from my article in yesterday’s American Thinker, Donald Trump ushering in the third wave of Progressivism
We are witnessing the third and final phase of American Progressivism, where the administrative state has stifled the economy, destroyed opportunities, and lost control of the process.
(The editors modified the title, submitted as Witnessing the Third Phase of Progressivism which I contend started with George W. Bush.)
The article got over 330 comments, mostly rabidly supportive of Trump and critical of my stance. I recommend reading the comments. It’s what I like about submitting to American Thinker. The most comments I ever got only any other submission (about 40) was just over 100.
I found one comment submitted by one Mcsandberg worthy of sharing:
The real problem with the so-called “pragmatists” was identified by Ayn Rand:
Now some of you might say, as many people do: “Aw, I never think in such abstract terms — I want to deal with concrete, particular, real-life problems — what do I need philosophy for?” My answer is: In order to be able to deal with concrete, particular, real-life problems — i.e., in order to be able to live on earth.
You might claim — as most people do — that you have never been influenced by philosophy. I will ask you to check that claim. Have you ever thought or said the following? “Don’t be so sure — nobody can be certain of anything.” You got that notion from David Hume (and many, many others), even though you might never have heard of him. Or: “This may be good in theory, but it doesn’t work in practice.” You got that from Plato. Or: “That was a rotten thing to do, but it’s only human, nobody is perfect in this world.” You got that from Augustine. Or: “It may be true for you, but it’s not true for me.” You got it from William James. Or: “I couldn’t help it! Nobody can help anything he does.” You got it from Hegel. Or: “I can’t prove it, but I feel that it’s true.” You got it from Kant. Or: “It’s logical, but logic has nothing to do with reality.” You got it from Kant. Or: “It’s evil, because it’s selfish.” You got it from Kant. Have you heard the modern activists say: “Act first, think afterward”? They got it from John Dewey.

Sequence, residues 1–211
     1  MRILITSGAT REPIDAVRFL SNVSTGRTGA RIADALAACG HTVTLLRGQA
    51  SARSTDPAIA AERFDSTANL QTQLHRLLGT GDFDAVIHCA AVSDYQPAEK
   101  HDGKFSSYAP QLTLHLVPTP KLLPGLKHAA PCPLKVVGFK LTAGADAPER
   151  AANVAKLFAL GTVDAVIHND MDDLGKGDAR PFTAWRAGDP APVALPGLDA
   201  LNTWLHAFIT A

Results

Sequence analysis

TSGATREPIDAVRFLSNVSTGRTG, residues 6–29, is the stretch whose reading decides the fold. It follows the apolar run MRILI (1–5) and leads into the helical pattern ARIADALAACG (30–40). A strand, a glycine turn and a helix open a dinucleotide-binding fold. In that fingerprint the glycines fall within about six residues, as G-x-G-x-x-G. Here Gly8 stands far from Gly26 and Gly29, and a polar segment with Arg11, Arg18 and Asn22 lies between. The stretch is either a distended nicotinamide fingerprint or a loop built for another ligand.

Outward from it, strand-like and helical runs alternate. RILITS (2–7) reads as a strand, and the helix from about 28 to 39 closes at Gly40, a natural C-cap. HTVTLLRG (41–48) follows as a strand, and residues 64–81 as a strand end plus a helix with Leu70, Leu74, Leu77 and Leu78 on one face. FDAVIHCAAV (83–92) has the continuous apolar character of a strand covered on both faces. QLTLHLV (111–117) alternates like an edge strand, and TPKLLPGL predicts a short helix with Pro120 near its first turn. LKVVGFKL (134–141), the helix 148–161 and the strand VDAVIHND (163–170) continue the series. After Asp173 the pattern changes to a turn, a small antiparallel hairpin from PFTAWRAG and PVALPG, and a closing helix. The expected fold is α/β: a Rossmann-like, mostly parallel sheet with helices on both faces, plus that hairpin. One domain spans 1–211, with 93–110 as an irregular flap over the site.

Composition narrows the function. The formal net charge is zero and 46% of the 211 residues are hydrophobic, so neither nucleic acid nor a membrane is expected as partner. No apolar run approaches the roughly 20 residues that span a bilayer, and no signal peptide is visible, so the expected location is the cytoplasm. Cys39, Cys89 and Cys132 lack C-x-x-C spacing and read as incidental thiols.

Some people might answer: “Sure, I’ve said those things at different times, but I don’t have to believe that stuff all of the time. It may have been true yesterday, but it’s not true today.” They got it from Hegel. They might say: “Consistency is the hobgoblin of little minds.” They got it from a very little mind, Emerson. They might say: “But can’t one compromise and borrow different ideas from different philosophies according to the expediency of the moment?” They got it from Richard Nixon — who got it from William James. (Ayn Rand, Address to the The Graduating Class of the United States Military at West Point New York – March 6,1974)
So, whoever we elect to the presidency will be following an ideology. I’d prefer somebody that knows it and has one I agree with.
Atlas Shrugged was supposed to be a warning, Not A Newspaper!
Regardless of my opinion it is clear that I have grossly underestimated Trump (and Sanders) and the revolution against the political establishment of both parties that Trump and Sanders have tapped into. Trump stands to win the GOP nomination and has a much better chance of beating Hillary than I would have thought. He may even get a substantial portion of the Bernie followers. Chris Christie will be the first in a long line of establishment players to get behind him.